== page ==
A Very Curious & Capricious Agent

Front Cover
Author
Clodagh Chapman
List Price
£14.99, US$ 23.99, €21.50
ISBN
978-1-906791-52-0
Dewey Classification
823.9’14-dc22
BIC Categories
FA, FV
Pages
204
Preview
Google Books

About The Author

Clodagh Chapman is the author of radio plays, short stories, and 9 novels, published by such leading houses has Piatkus, Headline, Fontana, and Weidenfeld. She has worked as a land-girl, written propaganda for the war-time Ministry of Information, and worked as a school teacher. She has bred show ponies, been a Morris Dancer and played in a folk band. She has two children and six grandchildren, and with her husband lives part of the year in Suffolk and part in Brittany. As a mature student with the Open University she gained the degrees of BA and MA in the humanities. Her research for the MA uncovered the history of a catastrophic explosion in her local Suffolk town. This she has used as a background to her historical novel, A Very Curious and Capricious Agent.

About The Book

Based on the real events of a major industrial accident in a West Suffolk town in August 1871, this is a tale of love, lust, greed and jealousy, all of which are curious and capricious agents in directing human behaviour … yet it is a wholly different agent which directs the final act of this drama. Before the disastrous explosion on that fateful August day, the inhabitants of this Suffolk market town could look back with certain self-satisfaction at their prosperous thriving industries, all based on agricultural success. All seemed normal with people in their proper place in the traditional almost feudal class structure, which is dominated by one family, the powerful Bullard clan. But look closer and there are grounds for concern: unusually hot weather and lack of rain, the belief among many that Judgement Day is at hand, and the influence of an extreme religious sect which has mushroomed in the neighbouring countryside.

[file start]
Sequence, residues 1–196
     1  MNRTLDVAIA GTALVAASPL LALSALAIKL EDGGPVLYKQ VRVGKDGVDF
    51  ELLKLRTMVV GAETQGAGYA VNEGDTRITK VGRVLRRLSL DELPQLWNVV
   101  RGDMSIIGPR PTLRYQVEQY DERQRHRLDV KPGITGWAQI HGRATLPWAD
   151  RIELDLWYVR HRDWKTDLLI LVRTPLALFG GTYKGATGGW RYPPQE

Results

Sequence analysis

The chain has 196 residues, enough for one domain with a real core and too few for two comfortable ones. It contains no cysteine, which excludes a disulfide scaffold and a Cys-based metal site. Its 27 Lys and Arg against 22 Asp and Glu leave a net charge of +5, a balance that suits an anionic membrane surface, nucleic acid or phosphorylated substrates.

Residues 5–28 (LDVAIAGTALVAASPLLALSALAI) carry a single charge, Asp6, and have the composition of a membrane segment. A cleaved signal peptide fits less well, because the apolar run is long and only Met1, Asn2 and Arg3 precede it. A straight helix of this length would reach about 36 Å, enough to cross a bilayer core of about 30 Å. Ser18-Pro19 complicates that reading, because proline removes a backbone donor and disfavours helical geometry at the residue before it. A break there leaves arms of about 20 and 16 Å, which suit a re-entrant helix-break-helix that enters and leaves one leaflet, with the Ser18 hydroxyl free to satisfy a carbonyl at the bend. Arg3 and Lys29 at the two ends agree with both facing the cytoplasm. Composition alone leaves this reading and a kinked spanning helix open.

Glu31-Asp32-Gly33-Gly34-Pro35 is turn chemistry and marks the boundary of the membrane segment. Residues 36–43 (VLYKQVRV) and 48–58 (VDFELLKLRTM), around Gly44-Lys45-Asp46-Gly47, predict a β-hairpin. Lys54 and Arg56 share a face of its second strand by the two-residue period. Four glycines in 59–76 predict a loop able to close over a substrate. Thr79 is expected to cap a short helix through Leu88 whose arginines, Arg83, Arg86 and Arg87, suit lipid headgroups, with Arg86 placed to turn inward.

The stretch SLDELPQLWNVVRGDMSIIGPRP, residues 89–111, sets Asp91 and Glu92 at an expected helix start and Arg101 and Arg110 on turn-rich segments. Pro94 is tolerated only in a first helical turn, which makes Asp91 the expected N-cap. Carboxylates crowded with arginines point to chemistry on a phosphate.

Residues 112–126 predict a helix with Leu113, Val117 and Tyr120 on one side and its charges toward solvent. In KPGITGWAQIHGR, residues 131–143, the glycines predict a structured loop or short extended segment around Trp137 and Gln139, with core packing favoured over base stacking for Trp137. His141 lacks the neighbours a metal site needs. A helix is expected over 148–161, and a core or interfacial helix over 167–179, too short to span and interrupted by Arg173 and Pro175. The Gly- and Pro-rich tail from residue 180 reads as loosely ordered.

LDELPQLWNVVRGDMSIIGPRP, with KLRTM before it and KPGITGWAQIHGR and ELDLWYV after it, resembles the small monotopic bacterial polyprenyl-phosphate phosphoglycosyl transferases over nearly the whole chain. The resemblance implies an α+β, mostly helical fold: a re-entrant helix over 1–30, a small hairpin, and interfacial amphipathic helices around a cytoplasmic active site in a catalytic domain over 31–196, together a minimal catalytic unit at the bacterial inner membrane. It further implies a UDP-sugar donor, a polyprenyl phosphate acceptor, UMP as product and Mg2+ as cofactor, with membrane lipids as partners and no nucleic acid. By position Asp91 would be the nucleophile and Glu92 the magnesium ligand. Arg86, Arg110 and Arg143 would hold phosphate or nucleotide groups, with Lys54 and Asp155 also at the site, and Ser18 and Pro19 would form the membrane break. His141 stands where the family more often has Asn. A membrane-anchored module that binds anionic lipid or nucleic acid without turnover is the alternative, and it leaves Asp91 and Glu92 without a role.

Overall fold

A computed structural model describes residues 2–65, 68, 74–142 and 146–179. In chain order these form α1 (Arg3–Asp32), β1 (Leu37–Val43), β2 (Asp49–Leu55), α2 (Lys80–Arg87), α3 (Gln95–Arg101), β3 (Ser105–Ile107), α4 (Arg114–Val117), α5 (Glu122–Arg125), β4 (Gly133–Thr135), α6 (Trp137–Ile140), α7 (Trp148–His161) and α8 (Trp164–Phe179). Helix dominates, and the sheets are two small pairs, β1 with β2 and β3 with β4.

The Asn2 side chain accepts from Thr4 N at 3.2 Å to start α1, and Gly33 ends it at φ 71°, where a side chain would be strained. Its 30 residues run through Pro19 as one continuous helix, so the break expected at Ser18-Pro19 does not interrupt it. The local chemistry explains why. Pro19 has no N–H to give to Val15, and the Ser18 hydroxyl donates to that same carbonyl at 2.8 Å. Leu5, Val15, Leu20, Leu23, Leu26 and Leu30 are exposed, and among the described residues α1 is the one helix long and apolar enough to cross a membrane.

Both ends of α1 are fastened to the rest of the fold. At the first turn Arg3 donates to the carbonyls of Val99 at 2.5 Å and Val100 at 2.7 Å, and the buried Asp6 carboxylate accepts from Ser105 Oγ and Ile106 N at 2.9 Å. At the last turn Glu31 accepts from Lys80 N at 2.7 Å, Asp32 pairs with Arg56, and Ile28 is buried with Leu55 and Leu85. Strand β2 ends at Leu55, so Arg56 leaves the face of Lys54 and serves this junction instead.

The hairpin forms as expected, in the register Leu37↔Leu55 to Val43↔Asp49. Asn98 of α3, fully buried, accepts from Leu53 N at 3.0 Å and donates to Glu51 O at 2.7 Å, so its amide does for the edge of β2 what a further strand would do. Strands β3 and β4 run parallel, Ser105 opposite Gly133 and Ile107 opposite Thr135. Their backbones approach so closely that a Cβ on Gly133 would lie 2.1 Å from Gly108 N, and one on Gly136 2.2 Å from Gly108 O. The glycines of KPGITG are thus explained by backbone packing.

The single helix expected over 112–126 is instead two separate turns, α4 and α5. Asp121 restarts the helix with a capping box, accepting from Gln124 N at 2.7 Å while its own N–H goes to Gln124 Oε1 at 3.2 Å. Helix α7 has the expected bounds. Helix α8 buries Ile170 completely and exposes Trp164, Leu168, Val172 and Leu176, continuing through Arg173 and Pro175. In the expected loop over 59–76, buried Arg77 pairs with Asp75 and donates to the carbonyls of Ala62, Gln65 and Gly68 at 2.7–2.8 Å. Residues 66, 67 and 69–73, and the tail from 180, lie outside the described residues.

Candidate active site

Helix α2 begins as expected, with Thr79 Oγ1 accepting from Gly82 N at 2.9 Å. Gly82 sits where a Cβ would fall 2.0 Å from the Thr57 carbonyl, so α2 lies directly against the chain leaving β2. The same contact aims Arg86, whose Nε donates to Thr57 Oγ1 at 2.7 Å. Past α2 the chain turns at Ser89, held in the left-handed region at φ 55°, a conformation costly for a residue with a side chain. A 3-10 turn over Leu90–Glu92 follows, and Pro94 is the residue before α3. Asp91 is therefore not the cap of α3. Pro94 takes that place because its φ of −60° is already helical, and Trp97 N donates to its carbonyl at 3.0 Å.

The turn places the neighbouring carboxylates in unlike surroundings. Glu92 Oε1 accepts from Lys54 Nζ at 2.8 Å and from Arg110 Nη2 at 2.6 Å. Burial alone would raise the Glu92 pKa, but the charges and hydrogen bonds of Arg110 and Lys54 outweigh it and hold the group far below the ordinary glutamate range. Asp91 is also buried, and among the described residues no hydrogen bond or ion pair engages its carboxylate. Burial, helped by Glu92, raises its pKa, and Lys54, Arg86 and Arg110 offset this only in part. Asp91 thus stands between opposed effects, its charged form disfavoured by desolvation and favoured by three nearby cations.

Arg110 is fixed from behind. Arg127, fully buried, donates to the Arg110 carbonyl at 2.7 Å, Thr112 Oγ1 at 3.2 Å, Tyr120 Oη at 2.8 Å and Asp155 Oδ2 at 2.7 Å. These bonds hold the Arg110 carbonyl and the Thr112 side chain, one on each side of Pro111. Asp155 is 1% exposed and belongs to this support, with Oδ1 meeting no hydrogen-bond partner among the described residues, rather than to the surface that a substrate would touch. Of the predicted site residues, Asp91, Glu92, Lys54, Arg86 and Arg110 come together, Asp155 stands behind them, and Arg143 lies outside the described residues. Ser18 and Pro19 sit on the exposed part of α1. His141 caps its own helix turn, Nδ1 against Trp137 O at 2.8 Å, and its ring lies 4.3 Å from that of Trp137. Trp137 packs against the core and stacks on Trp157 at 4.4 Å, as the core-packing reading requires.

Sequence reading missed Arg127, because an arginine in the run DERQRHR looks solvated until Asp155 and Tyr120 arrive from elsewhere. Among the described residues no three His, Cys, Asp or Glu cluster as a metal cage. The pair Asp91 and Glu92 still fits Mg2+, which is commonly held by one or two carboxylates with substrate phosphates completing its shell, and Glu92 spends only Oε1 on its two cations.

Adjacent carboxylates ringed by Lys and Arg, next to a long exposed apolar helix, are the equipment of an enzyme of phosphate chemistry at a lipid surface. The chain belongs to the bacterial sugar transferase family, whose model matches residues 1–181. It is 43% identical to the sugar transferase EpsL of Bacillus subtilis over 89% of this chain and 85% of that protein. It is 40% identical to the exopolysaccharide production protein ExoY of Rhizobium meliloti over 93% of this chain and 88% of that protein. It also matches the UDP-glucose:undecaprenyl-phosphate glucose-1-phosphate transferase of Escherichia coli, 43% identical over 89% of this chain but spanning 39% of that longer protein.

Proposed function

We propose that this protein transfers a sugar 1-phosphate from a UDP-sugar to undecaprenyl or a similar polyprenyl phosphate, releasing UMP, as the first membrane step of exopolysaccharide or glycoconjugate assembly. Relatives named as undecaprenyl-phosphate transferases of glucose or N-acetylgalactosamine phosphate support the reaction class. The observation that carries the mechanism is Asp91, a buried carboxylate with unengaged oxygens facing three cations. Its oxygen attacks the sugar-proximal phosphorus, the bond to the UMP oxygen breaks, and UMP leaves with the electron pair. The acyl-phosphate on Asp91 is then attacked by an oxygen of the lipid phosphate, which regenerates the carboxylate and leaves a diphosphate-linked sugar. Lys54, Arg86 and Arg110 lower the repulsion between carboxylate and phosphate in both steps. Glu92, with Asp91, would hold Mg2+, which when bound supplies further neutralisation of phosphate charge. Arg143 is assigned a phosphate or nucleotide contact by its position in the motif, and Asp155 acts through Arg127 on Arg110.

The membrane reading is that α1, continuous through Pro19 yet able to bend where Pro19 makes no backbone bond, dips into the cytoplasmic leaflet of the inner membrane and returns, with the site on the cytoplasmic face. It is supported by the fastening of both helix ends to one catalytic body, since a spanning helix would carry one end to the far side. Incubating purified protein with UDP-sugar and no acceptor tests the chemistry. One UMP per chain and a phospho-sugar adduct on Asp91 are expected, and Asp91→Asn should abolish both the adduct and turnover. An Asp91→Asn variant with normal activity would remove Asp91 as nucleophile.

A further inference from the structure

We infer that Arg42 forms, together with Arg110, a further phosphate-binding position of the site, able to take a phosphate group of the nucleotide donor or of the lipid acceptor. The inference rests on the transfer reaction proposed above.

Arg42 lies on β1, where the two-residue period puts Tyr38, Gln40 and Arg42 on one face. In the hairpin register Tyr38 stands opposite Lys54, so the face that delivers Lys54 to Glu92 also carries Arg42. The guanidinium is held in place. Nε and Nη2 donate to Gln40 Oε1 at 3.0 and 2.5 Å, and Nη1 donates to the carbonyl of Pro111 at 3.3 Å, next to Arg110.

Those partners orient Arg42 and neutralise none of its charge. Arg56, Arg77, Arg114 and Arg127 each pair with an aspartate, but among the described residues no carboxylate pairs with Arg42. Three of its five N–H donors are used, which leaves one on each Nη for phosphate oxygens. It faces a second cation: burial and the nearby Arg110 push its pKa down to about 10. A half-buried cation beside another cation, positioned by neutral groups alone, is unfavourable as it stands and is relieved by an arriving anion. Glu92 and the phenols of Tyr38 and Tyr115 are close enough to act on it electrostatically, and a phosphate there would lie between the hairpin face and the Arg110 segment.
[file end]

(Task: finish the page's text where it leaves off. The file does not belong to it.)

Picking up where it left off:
The Felgate family appear at first sight as typical: Robert holds a responsible position as foreman of a department in Bullard’s Gun-Cotton factory, and is intent on bettering himself, perhaps by even becoming Works Manager. Eliza, his wife, works as a seamstress, putting by her savings for her three surviving children. Work-worn, she is increasingly dependent on laudanum obtained from her son, Frank, who works for the town’s apothecary, and has fallen under the influence of a charismatic religious sect. Physically handicapped, he is a disappointment to Robert, and the dislike is mutual.

Whilst Lizzie, the elder daughter is involved in a difficult love-choice in deciding her future, her father embarks on a dangerous flirtation with the governess at the town’s School for Young Gentlemen. When this is discovered by Frank he hatches an increasingly hysterical plot, and inveigles his younger sister, Susan, an intelligent but rebellious girl, to assist him in the conspiracy. The outcome of this raises the question as to the cause and responsibility for the disaster which is to hit the town in August 1871.